Popular Science Monthly
��used) so as to make the coupling quite close and therefore to aid in hearing signals to which the apparatus is not accurately tuned. Fourth, set the single-turn switch B at the middle of its arc, and finally try to pick up your desired signals by moving the ten-turn step primary switch A. As
��SEC. LOADING Cai
��Another way of procuring long wavelengths with a receiving transformer of medium size
soon as signals are heard, reduce the num- ber of coupling turns by switch C, at the same time compensating for those cut out of the primary circuit by correspondingly increasing the turns of the loading coil. When the best settings of switches A, B and C are found (that is, the p)oints upon which the signals are loudest), close the secondary condenser switch and set the secondary contact D to the button giving the loudest signal. Then adjust the con- denser itself until the signals are loudest; and the receiver will be about at its best adjustment.
Further improvement in signal intensity can be secured by readjusting the primary single-turn switch, B, after the secondary is sharply tuned. Sometimes it is best to change the position of the coupling-switch C after the secondary condenser is cut in. All this must be determined by trial for each particular station heard. The impor- tant things to remember are, to make the rough primary adjustments first, the secon- dary adjustments second, the final coupling adjustments third, and to tr>' both the primary single-turn switch B and the secondary condenser last, in order to make 1 further improvement in signal strength or I tuning sharpness, every time any other i adjustment is changed.
The Inductively Coupled Receiver
j ^ The circuit of Fig. 2 is the usual induc- I tively coupled type used in most receiving
��sets. It is entirely satisfactor>' for general receiving, but must be handled carefully in order to give the best results. Its manipu- lation corresponds very closely with that just set forth in detail for the auto-trans- former tuner. The only radical difference is that coupling is changed by moving the primary coil physically with respect to the secondary. As before, the more turns of primary cut in between the single-turn switch B and the ten-turn switch A, the greater the tuned primar>^ wavelength. Similarly, the more turns of secondary coil cut in by switch D, and the greater the active capacity of the variable condenser, the greater the secondar>- wavelength. Again, the farther apart the primar^-^ and secondary coils, the weaker (looser) the coupling between them and, consequently, the sharper the tuning and the less inter- ference difficulties.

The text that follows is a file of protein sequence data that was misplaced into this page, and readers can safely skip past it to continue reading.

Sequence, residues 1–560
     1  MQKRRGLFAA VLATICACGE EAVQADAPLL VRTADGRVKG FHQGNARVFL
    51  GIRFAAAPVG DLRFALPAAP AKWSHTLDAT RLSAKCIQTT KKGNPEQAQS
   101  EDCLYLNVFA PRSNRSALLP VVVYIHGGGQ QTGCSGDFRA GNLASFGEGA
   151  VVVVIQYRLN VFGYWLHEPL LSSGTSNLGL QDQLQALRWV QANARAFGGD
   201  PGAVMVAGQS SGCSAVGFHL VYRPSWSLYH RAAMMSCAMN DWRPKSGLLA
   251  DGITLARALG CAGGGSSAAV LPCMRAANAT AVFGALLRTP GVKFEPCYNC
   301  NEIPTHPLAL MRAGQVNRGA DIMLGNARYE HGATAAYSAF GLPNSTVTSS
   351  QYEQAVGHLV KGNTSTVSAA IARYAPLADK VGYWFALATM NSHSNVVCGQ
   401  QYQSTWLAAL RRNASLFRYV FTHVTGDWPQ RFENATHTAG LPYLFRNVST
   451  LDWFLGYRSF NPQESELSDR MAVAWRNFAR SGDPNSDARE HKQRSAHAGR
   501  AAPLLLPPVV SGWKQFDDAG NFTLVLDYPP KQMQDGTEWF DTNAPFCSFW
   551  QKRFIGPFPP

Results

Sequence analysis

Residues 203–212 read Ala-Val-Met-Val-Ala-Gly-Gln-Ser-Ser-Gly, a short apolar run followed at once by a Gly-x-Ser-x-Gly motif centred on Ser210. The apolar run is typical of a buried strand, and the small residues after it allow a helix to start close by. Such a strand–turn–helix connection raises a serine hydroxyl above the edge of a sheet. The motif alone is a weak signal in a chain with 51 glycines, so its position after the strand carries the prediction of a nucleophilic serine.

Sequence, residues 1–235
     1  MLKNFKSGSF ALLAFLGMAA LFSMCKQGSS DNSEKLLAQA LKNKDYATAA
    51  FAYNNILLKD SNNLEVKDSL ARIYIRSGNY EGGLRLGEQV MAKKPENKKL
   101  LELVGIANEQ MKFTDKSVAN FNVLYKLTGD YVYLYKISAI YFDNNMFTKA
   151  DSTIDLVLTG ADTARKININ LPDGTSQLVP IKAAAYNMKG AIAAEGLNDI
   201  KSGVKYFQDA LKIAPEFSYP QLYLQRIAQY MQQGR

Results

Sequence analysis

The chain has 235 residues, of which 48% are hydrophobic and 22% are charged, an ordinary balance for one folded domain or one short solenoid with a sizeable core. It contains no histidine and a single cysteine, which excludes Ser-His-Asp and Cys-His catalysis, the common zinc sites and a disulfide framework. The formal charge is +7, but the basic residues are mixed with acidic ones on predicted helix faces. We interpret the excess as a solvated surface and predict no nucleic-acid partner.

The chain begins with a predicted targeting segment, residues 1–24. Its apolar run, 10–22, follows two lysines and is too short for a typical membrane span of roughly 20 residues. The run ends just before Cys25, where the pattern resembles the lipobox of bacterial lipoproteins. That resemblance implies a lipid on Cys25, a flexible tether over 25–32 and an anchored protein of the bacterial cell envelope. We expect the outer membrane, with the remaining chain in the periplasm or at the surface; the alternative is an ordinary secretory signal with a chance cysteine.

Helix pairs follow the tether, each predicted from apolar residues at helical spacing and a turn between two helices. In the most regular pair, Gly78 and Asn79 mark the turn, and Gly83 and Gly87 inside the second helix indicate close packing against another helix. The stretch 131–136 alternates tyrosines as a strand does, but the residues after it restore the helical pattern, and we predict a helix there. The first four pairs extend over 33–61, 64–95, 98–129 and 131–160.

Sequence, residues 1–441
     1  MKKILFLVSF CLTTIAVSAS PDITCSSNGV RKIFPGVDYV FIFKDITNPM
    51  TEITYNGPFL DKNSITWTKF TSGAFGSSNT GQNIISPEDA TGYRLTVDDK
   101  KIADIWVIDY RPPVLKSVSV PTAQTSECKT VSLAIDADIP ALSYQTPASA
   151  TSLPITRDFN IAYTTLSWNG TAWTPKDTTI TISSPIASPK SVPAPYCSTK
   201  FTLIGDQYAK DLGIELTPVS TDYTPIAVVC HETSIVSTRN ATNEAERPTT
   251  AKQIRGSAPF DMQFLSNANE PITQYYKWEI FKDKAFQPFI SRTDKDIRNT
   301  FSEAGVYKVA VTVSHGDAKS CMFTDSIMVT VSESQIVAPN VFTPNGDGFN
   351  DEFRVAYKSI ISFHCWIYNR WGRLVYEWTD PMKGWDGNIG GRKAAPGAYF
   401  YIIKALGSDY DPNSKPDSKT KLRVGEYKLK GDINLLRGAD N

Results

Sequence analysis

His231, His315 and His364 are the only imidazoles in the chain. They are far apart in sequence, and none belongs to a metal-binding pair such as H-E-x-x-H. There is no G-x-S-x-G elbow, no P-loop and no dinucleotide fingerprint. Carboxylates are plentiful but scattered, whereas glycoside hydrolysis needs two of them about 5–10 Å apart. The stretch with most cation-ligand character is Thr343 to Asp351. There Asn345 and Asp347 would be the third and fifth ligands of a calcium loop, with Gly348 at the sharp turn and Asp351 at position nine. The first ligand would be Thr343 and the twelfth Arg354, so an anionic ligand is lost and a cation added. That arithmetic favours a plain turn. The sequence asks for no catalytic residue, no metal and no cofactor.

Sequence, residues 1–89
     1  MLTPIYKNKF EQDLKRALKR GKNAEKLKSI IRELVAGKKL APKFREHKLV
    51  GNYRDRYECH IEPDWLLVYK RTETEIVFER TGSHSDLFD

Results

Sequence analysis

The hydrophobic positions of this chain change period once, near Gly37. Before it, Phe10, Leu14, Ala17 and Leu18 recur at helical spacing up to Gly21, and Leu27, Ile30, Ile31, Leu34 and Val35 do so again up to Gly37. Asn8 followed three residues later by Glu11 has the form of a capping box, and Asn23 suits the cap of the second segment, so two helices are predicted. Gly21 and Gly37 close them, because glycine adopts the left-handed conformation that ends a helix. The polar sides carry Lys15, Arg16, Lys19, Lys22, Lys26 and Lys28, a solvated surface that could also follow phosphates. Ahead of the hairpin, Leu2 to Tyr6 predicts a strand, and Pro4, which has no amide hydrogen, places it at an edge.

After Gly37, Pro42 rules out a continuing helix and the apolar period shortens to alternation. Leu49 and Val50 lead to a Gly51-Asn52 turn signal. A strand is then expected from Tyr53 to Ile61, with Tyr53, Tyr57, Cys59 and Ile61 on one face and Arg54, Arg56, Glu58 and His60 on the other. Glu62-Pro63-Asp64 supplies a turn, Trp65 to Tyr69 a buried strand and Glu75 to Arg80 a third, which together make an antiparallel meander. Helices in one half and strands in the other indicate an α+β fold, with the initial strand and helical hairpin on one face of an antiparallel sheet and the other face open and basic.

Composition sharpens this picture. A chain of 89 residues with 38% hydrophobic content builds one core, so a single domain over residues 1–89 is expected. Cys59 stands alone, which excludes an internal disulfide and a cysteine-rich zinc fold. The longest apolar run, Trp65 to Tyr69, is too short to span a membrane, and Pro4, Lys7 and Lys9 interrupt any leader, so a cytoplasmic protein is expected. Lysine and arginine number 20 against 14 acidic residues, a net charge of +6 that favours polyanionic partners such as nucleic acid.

The objects of tuning are, as before, to adjust the primary' and secondary tuned wavelengths to agree with that being received, while at the same time keeping the coupling as loose as possible without destroying the signals. The plan to follow, therefore, is to op)en the secondary condens- er switch and cut in a large portion of the secondary' coil as before. Then close the coupling by sliding the coils well together. Finally, search for the desired signals by making rough adjustments of the primary.
VWhen signals are heard, open the coupling by sliding the ""Sr S? ^^^^ farther apart and at the y / same time adjust both the
���A variable condenser inserted in series widi the aerial connection for short wavelengths
primary switches to the point where signals are loudest. Then reduce the number of secondary turns and cut in the secondary condenser, setting these to the points which give best signals. For the last adjustment, open the coupling still further and tune the primary and secondary' still more accurately. Always bear in mind that the three groups